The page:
In any negotiation, people have to believe that you mean what you say. The enduring problem in the on-going “negotiation” between the Eurozone governments and the financial markets is that the markets do not believe that the Eurozone governments have the will or the capacity to address the sovereign debt crisis.

Prevarication and avoidance have marked the response of the Eurozone Governments so far which simply deepens market scepticism. The Markets now assume there will be a sovereign debt default in Greece and so attention has switched to the stability of the Banks which would suffer in any such default.

Unfortunately in this context it is almost irrelevant that President Sarkozy and Angela Merkel stand shoulder to shoulder and say that “everything necessary” will be done to recapitalise Banks in the Eurozone. This also does not provide any credibility that the issue will actually be addressed – in legal terms it has all the persuasiveness of “an agreement to agree”.

If one side in a negotiation feels the other side lacks credibility then they are likely to push harder for what they want. So it is that in these circumstances it’s no surprise that after initial mutterings of support, the markets decided that the message from Merkel and Sarkozy meant virtually nothing. Indeed Moody’s warned that “since any recapitalisation initiative will not address the underlying driver of Europe’s Bank crisis (mounting sovereign debt concerns) it is unlikely to achieve more than a temporary respite from Banks sovereign debt woes and we expect investor sentiment to remain fragile”….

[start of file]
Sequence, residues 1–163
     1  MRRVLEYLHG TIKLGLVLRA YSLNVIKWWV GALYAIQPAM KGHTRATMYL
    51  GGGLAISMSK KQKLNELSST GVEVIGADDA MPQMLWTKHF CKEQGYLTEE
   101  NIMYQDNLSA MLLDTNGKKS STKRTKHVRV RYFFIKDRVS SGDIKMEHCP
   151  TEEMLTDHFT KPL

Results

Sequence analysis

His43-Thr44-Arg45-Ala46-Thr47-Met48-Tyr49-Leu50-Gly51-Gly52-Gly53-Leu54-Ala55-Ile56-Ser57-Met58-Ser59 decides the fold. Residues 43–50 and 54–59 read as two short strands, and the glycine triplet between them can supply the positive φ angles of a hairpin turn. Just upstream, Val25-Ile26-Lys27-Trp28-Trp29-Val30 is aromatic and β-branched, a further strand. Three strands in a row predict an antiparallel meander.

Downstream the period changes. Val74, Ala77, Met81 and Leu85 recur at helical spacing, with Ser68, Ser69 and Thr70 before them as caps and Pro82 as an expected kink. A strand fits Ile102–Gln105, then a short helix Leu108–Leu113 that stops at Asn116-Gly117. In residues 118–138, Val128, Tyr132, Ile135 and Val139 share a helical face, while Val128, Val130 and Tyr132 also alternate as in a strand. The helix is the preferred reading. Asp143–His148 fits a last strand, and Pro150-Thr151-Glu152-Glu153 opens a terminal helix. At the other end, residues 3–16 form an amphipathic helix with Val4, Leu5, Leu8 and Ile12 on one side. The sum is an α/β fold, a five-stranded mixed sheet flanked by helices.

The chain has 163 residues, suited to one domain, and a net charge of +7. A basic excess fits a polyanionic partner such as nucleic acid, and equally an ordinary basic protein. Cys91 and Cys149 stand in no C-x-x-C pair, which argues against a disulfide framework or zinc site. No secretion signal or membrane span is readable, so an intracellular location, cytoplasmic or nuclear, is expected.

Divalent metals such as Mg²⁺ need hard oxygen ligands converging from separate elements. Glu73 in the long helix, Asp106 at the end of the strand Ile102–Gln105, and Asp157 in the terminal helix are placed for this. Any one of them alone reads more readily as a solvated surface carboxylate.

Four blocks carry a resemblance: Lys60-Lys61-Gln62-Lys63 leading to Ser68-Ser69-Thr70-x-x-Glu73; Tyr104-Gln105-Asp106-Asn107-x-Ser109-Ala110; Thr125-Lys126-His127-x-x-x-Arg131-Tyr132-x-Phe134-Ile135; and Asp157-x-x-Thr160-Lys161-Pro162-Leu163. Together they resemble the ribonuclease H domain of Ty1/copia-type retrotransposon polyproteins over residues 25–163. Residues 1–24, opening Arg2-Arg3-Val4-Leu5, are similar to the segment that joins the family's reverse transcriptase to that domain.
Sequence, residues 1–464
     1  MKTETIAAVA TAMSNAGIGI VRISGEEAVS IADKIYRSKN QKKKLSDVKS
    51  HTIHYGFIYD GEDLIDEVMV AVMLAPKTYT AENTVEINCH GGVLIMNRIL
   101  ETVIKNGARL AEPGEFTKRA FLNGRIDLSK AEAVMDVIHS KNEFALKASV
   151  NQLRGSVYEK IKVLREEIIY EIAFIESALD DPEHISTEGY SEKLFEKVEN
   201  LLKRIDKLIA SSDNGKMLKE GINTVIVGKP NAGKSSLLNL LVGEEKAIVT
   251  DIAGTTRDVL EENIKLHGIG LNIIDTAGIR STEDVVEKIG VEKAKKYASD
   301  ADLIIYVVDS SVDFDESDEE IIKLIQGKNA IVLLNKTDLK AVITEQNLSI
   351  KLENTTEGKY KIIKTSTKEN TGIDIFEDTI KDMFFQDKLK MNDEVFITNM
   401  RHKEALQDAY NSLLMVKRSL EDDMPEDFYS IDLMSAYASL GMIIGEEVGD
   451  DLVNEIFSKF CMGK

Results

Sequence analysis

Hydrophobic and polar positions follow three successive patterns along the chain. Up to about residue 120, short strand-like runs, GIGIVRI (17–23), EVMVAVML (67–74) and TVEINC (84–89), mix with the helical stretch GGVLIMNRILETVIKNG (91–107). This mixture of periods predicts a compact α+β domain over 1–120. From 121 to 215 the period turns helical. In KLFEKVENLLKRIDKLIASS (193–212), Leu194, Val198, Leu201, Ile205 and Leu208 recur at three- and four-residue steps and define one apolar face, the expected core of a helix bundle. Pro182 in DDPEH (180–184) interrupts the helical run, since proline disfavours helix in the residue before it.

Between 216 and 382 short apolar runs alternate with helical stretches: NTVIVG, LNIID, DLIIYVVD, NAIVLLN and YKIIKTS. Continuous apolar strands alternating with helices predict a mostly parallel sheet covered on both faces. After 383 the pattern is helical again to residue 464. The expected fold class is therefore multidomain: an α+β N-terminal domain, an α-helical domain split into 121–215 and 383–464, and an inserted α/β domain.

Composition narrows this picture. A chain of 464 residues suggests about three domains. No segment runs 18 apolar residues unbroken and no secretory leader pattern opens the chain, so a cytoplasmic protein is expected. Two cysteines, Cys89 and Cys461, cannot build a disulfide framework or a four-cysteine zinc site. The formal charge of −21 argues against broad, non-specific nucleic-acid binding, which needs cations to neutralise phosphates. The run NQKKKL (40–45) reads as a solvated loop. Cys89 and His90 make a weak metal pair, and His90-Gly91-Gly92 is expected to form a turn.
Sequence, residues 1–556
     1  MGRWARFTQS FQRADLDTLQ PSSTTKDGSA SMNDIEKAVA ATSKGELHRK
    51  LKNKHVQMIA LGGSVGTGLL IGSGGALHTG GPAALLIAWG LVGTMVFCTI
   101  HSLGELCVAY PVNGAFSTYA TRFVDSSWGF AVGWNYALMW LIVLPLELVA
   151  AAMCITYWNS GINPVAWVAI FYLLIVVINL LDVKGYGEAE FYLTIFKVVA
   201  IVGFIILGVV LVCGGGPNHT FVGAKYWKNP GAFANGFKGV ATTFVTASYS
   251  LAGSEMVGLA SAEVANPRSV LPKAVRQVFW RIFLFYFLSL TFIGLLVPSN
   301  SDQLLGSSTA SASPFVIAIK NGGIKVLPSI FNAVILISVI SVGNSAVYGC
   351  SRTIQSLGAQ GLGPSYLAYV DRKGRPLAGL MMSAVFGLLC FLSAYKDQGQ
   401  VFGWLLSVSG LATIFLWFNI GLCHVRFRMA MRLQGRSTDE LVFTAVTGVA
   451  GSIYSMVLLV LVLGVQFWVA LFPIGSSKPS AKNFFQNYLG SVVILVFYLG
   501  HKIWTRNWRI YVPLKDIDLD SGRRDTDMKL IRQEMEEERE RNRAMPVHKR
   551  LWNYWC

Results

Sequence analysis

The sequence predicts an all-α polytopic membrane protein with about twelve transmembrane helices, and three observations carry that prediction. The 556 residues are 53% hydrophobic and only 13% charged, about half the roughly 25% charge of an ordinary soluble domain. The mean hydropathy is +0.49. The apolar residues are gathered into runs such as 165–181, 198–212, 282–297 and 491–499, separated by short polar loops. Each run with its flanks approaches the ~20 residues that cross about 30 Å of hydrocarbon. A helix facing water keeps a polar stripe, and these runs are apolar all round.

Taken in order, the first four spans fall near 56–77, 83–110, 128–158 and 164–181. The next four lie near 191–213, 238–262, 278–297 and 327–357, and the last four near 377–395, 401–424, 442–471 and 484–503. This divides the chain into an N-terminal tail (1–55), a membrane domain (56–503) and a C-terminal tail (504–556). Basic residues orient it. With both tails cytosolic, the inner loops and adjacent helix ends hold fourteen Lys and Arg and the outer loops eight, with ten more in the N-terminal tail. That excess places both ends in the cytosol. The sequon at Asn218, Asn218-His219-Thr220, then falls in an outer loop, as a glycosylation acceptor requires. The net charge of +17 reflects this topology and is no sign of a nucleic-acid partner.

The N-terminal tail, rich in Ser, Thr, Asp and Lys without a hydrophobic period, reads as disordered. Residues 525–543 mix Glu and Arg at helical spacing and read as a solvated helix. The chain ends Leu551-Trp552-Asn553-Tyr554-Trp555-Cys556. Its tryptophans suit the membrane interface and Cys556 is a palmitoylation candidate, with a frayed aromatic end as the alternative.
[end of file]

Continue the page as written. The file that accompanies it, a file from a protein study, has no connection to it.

This is a crisis arising out of poor negotiating technique as much as underlying economics. Until the Eurozone musters the negotiating skill to negotiate with the markets effectively, and provides certainty when it “bids”, then it will never be able to “close the deal” and put the Eurozone crisis to bed.